The new system will see the end of the tax return for individuals, partnerships, trusts and companies. Instead, business owners, trustees and some individuals will be required to maintain digital records using software which is compatible with HMRC’s systems and to report to HMRC on a quarterly basis. Employees who have buy-to-let properties will also need to report quarterly if rents are in excess of £10,000 per annum. Owners and landlords will have one month from the end of each quarter to report turnover, expenses and any accounting adjustments such as stock, accruals and prepayments. There will also be a final sign-off nine months from the end of the accounting period to confirm that the information is correct and complete. Penalties will apply for late returns.

The new reporting procedures will start with  smaller businesses. VAT will move onto the new system in April 2019 (there are some selected deferrals until October 2019 for certain entities), followed in later years by more organisations. To assist smaller businesses and in order to simplify the tax system there are likely to be new rules for revenue and capital expenditure, interest restrictions and restrictions to loss relief.

At present there are no plans to change the tax payment dates but a voluntary ‘pay as you go’ option will be introduced. Whilst some businesses will wish to pay tax on profits as they arise, the impact on cashflow should not be overlooked. Details on how to obtain a repayment of tax if cashflow is tight have not been finalised.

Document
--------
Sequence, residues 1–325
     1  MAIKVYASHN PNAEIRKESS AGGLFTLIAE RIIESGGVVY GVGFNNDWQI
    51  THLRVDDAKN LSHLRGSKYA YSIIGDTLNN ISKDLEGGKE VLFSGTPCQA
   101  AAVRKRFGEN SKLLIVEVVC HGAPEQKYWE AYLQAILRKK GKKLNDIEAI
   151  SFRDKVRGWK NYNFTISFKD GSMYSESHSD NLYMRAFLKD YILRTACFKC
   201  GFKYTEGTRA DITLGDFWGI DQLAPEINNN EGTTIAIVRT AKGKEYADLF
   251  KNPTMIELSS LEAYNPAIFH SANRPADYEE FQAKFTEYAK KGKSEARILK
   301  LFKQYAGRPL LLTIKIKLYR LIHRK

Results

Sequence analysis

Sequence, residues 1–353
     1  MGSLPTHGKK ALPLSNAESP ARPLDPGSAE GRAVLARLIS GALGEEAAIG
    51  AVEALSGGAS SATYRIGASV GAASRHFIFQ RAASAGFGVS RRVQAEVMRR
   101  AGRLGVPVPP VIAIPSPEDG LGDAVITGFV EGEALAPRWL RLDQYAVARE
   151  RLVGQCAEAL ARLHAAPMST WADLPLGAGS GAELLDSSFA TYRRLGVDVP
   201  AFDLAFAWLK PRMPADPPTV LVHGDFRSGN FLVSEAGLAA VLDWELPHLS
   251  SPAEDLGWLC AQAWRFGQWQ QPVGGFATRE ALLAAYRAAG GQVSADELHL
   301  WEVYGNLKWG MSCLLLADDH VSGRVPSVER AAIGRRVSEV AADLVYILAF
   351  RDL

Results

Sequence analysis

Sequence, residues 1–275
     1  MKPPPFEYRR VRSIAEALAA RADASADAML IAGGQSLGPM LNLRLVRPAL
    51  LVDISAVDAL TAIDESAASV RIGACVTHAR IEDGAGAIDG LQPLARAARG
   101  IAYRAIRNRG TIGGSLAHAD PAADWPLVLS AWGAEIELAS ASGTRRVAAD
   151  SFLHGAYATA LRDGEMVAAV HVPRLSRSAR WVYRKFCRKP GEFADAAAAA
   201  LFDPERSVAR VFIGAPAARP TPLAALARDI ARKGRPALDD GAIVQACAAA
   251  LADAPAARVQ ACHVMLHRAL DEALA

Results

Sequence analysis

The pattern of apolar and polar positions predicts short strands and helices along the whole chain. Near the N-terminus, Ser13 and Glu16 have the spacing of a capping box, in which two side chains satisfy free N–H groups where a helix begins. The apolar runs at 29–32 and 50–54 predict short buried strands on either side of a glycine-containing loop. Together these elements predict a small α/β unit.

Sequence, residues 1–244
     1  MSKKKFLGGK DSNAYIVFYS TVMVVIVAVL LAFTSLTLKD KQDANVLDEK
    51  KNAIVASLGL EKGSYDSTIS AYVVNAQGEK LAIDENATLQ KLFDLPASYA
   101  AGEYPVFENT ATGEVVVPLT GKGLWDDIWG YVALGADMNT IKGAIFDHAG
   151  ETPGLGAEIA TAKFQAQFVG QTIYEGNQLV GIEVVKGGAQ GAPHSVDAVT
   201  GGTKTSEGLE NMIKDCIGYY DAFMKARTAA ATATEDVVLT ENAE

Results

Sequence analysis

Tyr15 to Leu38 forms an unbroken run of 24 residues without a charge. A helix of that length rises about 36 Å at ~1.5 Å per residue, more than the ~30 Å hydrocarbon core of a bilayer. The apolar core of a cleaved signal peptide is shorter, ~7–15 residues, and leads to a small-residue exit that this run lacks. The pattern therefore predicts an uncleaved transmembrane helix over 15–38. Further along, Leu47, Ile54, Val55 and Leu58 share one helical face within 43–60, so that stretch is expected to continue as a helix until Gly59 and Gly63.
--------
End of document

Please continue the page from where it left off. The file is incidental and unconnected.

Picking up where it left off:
HMRC already receives certain information direct from third parties such as payroll details, interest from banks and rental income from letting agents. This information will be used to pre-populate the digital tax account. Whilst this should reduce the burden to obtain and supply this information separately, concerns have been raised that the information sent to HMRC is not always correct and it will be up to the taxpayer to sort out any discrepancies with the third party.

The proposals are currently out for consultation and only when HMRC has considered the responses will the detail be finalised. For our clients, this will be a real-time system with more frequent contact, greater review, greater workloads, a change to timetables and in some cases, additional costs.

More information on Making Tax Digital

Read the Government’s Making Tax Digital policy papers on their website.

From Making Tax Digital to financial integrated solutions, the world of technology is an essential part of our world. In response to the technical challenges that face our clients we have launched C+T Digital to deliver advice and support across a variety of digital areas including:

  • Making Tax Digital
  • Onboarding digital accounting
  • Open banking solutions
  • Online web shop integration
  • Tailored financial eco-system integration

Through the efficient use of technology, all organisations can identify, understand and take advantage of efficiencies to save time and money. Key areas of focus include: